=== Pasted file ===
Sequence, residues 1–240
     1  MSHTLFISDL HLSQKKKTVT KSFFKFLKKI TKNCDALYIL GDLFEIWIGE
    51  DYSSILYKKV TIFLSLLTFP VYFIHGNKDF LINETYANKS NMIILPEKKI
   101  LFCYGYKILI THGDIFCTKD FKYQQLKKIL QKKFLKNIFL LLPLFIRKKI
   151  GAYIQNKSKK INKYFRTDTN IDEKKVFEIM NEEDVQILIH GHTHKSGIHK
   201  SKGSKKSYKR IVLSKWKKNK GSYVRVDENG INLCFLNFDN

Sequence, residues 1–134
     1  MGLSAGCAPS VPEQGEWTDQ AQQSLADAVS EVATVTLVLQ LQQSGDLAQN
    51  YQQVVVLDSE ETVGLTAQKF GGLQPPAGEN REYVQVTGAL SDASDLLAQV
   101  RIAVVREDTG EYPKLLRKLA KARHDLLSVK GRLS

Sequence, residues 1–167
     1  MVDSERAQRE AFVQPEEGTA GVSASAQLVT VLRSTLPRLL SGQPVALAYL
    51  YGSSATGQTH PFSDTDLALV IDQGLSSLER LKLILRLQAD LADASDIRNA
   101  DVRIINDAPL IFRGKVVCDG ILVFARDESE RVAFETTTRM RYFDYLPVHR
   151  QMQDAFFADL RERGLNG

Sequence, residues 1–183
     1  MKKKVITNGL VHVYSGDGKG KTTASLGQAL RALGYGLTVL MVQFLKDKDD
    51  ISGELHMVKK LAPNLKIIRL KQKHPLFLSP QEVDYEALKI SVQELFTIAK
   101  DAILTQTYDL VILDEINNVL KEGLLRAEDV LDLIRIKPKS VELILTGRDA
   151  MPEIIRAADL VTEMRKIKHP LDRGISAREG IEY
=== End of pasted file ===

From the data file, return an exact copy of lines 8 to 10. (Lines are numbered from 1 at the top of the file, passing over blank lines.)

     1  MGLSAGCAPS VPEQGEWTDQ AQQSLADAVS EVATVTLVLQ LQQSGDLAQN
    51  YQQVVVLDSE ETVGLTAQKF GGLQPPAGEN REYVQVTGAL SDASDLLAQV
   101  RIAVVREDTG EYPKLLRKLA KARHDLLSVK GRLS